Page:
Casino de Montréal Dealers Hold Flash Strike as Contract Negotiations Stall

Casino de Montréal dealers unexpectedly dropped their decks and walked off the job over the weekend.

Casino de Montréal
Casino de Montréal
Strikers protesting outside the Casino de Montréal on Saturday after staging a mass walkout. (Image: The Globe and Mail)

The flash strike began on the stroke of 4pm on Saturday and lasted for four hours. Workers headed out to the entrance to the casino to demonstrate at against an impasse in negotiations over their new collective agreement. The protest was repeated for four hours on Sunday.

At stake is the agreement that regulates the working conditions of 521 dealers. Salaries and working schedules are the main issues. The dealers have been without contracts since March 31, 2020.

Negotiations hit deadlock the previous weekend, the Canadian Union of Public Employees (CUPE), told The Globe and Mail.

The casino is owned by Loto-Quebec, the provincial government’s gaming operator-regulator. Situated on Notre Dame Island, it is the largest casino in Canada.

‘More Openness’

“We need more openness from the employer during the mediation sessions, which will take place from next Tuesday. With the actions of today and yesterday, the dealers have demonstrated their readiness to mobilize and their determination to reach a satisfactory agreement,” said CUPE union representative Jean-Pierre Proulx Sunday in a French-language press release.

Loto-Quebec officials said they would continue to welcome customers to the casino during in the event of future strikes, albeit with a slightly restricted service.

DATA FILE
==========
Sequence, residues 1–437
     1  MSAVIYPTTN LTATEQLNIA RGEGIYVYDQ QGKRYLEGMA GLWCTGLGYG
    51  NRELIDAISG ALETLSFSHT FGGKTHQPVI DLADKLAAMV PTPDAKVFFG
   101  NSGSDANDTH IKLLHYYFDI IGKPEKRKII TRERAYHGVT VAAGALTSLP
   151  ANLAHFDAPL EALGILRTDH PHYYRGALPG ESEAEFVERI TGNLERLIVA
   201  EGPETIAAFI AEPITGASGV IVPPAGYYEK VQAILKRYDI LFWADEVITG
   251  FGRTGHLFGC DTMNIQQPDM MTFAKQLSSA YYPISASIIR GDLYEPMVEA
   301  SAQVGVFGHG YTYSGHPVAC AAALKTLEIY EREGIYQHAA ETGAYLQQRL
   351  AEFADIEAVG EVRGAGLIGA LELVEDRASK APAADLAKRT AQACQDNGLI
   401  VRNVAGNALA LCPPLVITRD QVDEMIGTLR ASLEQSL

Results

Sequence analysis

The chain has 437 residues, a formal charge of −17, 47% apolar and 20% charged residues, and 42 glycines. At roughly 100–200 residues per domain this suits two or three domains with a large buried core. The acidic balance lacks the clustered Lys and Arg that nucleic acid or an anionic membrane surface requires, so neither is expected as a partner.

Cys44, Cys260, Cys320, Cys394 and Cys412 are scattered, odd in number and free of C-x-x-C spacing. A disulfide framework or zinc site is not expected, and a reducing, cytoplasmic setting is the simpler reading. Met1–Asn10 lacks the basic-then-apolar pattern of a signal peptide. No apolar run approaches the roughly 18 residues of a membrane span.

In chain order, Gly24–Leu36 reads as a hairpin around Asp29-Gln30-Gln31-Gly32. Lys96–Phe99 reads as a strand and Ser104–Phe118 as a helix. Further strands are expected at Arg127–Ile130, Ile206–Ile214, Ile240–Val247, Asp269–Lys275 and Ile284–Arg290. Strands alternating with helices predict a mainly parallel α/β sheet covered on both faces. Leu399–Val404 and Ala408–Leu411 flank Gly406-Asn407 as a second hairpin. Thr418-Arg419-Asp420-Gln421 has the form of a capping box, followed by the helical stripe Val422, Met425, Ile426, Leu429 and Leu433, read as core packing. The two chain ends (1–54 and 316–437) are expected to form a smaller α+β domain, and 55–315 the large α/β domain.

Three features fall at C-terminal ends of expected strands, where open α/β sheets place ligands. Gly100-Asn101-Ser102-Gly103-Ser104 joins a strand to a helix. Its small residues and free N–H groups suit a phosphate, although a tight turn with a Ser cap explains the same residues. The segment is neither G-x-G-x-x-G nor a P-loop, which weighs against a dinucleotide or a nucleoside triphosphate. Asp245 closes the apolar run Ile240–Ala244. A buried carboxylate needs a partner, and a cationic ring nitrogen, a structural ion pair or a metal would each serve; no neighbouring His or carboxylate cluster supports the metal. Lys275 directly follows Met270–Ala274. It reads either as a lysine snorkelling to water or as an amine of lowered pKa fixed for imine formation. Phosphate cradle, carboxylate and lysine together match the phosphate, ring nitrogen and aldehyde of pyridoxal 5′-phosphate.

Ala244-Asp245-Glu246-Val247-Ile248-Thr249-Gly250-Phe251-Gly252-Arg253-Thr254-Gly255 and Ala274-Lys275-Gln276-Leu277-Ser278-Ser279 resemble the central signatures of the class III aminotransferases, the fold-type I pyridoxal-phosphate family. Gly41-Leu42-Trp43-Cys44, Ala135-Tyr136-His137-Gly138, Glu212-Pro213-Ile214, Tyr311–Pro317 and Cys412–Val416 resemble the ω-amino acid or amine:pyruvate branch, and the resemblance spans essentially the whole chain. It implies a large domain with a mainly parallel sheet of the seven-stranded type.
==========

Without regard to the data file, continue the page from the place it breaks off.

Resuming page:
Operations at the gaming tables will continue. The most popular games, such as blackjack, roulette, and baccarat, will be on offer, but the poker room will be closed. All other activities, such as restaurants, shows, or slot machine games, will take place normally,” the company said in a statement.

It added it would continue negotiations with the union “within parameters that are similar to what has been agreed to by the same bodies of employees in its other casinos.”

‘Hidden Layoffs’

In February, the union accused Loto-Québec of planning “hundreds of hidden layoffs” after it failed to recall all of the dealers who had been laid off during the pandemic. This was despite the lifting of coronavirus restrictions at the casino in February.

According to the union, 97.4% voted in favor of employing “pressure tactics” to force the operator to reinstate the dealers and return gaming tables to full capacity. This involved dealers showing up to work wearing union T-shirts advertising their demands.

Loto-Québec said in a February 25 state it would “pursue its gradual reopening, recalling its staff based on traffic and customer expectations.”

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